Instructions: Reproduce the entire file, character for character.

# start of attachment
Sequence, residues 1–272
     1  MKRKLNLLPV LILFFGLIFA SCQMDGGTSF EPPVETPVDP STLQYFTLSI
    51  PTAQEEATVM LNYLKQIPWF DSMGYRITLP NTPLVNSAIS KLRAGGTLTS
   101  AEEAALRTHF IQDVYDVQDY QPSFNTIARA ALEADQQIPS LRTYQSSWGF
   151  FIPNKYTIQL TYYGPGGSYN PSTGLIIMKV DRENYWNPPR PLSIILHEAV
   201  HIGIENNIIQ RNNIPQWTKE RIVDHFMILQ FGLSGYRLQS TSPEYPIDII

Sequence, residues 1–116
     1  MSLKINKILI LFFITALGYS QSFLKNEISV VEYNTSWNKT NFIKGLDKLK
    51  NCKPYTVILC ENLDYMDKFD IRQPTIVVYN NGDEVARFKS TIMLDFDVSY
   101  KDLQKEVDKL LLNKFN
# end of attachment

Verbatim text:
Sequence, residues 1–272
     1  MKRKLNLLPV LILFFGLIFA SCQMDGGTSF EPPVETPVDP STLQYFTLSI
    51  PTAQEEATVM LNYLKQIPWF DSMGYRITLP NTPLVNSAIS KLRAGGTLTS
   101  AEEAALRTHF IQDVYDVQDY QPSFNTIARA ALEADQQIPS LRTYQSSWGF
   151  FIPNKYTIQL TYYGPGGSYN PSTGLIIMKV DRENYWNPPR PLSIILHEAV
   201  HIGIENNIIQ RNNIPQWTKE RIVDHFMILQ FGLSGYRLQS TSPEYPIDII

Sequence, residues 1–116
     1  MSLKINKILI LFFITALGYS QSFLKNEISV VEYNTSWNKT NFIKGLDKLK
    51  NCKPYTVILC ENLDYMDKFD IRQPTIVVYN NGDEVARFKS TIMLDFDVSY
   101  KDLQKEVDKL LLNKFN